Sunday, October 18, 2009

Planet Fox declares war!

Do you get the idea that a particular topic is drifting toward the top of what we call the "news agenda" over at a certain network known worldwide for its fairness and balancehood?

Right, that's now three days out of the past seven (the image at top right is from this afternoon, with Tuesday and Monday images below it) that Fox's victimization at the hands of the power-hungry Muslim-Marxist cabal at the White House has been at the top of the front page. What seems to be happening is that assorted administration functionaries are pointing out in public that Fox-flavored news is ... well, let's let them explain it themselves:

"A lot of their news programming, it's really not news. It's pushing a point of view," senior adviser David Axelrod said on ABC's "This Week. (Well, yeah.)

"The way we -- the president looks at it and we look at it, is, it is not a news organization so much as it has a perspective," White House Chief of Staff Rahm Emanuel added on CNN's "State of the Union." (A little off target, but ... yeah.)

The open assault on Fox News began last weekend when White House Communications Director Anita Dunn accused the network of being a "wing of the Republican Party."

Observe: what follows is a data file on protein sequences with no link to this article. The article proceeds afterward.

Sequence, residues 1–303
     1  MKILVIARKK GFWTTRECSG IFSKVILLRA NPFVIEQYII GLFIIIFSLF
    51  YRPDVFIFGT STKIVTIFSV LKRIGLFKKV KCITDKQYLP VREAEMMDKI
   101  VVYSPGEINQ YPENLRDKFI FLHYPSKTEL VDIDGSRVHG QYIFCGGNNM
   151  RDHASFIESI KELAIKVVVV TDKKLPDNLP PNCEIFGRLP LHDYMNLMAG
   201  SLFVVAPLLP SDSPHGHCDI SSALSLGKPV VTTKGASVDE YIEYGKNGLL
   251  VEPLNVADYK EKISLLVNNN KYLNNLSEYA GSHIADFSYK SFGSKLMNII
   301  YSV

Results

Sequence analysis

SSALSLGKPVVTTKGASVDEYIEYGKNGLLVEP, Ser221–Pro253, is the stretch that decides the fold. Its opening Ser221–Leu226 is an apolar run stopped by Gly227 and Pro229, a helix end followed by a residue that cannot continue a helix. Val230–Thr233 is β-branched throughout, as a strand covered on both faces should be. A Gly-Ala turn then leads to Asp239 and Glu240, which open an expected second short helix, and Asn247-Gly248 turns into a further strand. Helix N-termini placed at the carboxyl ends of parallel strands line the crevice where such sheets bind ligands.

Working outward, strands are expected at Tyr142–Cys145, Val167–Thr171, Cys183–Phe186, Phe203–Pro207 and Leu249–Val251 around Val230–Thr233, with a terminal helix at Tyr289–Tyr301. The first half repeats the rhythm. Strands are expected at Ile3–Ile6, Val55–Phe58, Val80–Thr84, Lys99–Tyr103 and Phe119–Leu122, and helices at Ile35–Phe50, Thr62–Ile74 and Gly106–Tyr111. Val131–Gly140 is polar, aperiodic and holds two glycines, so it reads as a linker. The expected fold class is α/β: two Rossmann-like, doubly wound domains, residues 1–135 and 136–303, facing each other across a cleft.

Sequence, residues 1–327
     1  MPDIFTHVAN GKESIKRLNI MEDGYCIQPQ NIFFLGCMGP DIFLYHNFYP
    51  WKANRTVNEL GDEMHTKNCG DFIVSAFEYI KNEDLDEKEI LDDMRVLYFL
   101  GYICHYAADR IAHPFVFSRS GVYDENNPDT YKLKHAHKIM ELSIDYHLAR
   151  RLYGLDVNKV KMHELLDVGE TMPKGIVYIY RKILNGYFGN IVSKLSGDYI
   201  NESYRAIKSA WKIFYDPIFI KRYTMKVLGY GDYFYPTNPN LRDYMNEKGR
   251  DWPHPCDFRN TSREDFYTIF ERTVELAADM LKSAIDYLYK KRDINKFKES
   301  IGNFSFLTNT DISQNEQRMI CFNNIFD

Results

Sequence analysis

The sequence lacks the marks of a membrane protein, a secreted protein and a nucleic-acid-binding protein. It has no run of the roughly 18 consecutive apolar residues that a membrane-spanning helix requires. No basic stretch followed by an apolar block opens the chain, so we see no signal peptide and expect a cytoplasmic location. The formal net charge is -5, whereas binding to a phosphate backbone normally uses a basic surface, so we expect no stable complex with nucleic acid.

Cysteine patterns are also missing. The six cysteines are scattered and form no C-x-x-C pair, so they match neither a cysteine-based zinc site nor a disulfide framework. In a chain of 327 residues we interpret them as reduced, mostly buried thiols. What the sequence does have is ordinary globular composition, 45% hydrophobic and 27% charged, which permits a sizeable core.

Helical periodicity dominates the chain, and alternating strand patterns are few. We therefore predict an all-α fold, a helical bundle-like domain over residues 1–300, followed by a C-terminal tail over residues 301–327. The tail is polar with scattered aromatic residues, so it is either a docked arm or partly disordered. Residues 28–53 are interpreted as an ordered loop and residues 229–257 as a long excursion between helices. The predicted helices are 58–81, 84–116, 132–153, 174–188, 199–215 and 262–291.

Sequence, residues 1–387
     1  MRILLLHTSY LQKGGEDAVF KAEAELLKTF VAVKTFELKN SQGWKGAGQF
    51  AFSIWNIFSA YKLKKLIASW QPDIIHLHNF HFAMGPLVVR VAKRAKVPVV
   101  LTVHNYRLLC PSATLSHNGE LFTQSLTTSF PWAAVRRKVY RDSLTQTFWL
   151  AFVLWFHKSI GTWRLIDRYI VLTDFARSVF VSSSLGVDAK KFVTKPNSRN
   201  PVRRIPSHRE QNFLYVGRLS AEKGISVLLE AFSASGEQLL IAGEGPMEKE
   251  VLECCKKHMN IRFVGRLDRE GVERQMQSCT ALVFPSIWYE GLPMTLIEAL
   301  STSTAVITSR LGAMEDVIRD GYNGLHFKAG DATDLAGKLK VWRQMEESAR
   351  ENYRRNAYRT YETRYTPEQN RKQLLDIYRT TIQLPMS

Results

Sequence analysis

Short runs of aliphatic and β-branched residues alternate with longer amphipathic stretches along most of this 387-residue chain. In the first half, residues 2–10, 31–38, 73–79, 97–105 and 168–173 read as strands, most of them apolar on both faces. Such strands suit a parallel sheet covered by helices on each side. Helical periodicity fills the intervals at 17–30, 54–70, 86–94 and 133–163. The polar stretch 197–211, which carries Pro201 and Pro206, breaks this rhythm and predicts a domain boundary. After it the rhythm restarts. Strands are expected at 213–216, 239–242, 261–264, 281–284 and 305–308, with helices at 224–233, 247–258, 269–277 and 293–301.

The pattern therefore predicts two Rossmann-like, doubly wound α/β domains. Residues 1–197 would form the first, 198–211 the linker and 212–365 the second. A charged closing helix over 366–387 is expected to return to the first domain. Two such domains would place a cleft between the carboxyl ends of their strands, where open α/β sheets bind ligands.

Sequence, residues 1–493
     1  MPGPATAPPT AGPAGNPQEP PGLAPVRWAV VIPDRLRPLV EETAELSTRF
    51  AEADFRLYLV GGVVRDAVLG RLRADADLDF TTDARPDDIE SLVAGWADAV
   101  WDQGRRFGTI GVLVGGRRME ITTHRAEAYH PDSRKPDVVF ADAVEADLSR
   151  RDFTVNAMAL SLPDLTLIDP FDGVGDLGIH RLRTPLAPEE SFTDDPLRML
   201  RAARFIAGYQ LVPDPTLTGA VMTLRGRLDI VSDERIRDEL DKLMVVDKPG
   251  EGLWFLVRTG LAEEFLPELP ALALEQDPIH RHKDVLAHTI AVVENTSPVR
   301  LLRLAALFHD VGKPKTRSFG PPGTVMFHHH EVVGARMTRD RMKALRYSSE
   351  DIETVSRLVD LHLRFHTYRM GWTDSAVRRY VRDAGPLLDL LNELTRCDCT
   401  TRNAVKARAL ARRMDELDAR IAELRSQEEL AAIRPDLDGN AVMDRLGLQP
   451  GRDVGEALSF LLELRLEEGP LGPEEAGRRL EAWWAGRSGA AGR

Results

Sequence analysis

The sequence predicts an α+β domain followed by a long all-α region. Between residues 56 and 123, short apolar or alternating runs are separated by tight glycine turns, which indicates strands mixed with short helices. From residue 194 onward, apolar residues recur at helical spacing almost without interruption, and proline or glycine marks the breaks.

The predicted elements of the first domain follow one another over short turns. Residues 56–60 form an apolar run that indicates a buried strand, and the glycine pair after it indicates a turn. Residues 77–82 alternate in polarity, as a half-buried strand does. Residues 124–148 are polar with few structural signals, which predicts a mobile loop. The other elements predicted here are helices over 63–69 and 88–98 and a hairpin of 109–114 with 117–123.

"What I think is fair to say about Fox -- and certainly it's the way we view it -- is that it really is more a wing of the Republican Party," Dunn said on CNN. "They take their talking points, put them on the air; take their opposition research, put them on the air. And that's fine. But let's not pretend they're a news network the way CNN is." (A bit overkind to CNN, but ... she has a point.)

Here's how Fox defended itself last week:

Fox News senior vice president Michael Clemente, who likens the channel to a newspaper with separate sections on straight news and commentary, suggested White House officials were intentionally conflating opinion show hosts like Glenn Beck with news reporters like Major Garrett.

"It's astounding the White House cannot distinguish between news and opinion programming," Clemente said.

Today it managed to find an outside source -- the repellent toad Karl Rove -- to say the same thing:

Former Deputy Chief of Staff Karl Rove said Fox News' commentators have been tough on Obama but the White House appears to be confusing the news and opinion that appears on the network.

"They're conflating the news side and the opinion side in order to -- in order to attack a media outlet. Again, it's undignified for the president of the United States to be doing" Rove said on "Fox News Sunday." He added that it is the administration's practice to attack its critics full-throttle.

"I think this White House is dominated by Chicago- style politics, so if you don't like the questions that are being asked by Major Garrett or Wendell Goler or Chris Wallace, then you try and demonize Fox News," he said.